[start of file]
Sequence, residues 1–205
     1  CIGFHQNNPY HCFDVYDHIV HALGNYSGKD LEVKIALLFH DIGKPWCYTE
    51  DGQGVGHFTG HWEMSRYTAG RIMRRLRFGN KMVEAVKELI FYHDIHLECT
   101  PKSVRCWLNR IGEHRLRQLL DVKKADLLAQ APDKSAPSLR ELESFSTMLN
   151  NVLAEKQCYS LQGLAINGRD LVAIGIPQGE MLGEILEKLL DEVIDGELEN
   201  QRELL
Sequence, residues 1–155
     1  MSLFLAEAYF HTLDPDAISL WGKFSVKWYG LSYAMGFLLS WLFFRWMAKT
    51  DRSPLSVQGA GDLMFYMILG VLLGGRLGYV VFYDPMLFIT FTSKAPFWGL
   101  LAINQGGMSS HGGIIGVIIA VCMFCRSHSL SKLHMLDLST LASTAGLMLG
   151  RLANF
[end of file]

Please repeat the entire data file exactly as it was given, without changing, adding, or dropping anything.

Sequence, residues 1–205
     1  CIGFHQNNPY HCFDVYDHIV HALGNYSGKD LEVKIALLFH DIGKPWCYTE
    51  DGQGVGHFTG HWEMSRYTAG RIMRRLRFGN KMVEAVKELI FYHDIHLECT
   101  PKSVRCWLNR IGEHRLRQLL DVKKADLLAQ APDKSAPSLR ELESFSTMLN
   151  NVLAEKQCYS LQGLAINGRD LVAIGIPQGE MLGEILEKLL DEVIDGELEN
   201  QRELL
Sequence, residues 1–155
     1  MSLFLAEAYF HTLDPDAISL WGKFSVKWYG LSYAMGFLLS WLFFRWMAKT
    51  DRSPLSVQGA GDLMFYMILG VLLGGRLGYV VFYDPMLFIT FTSKAPFWGL
   101  LAINQGGMSS HGGIIGVIIA VCMFCRSHSL SKLHMLDLST LASTAGLMLG
   151  RLANF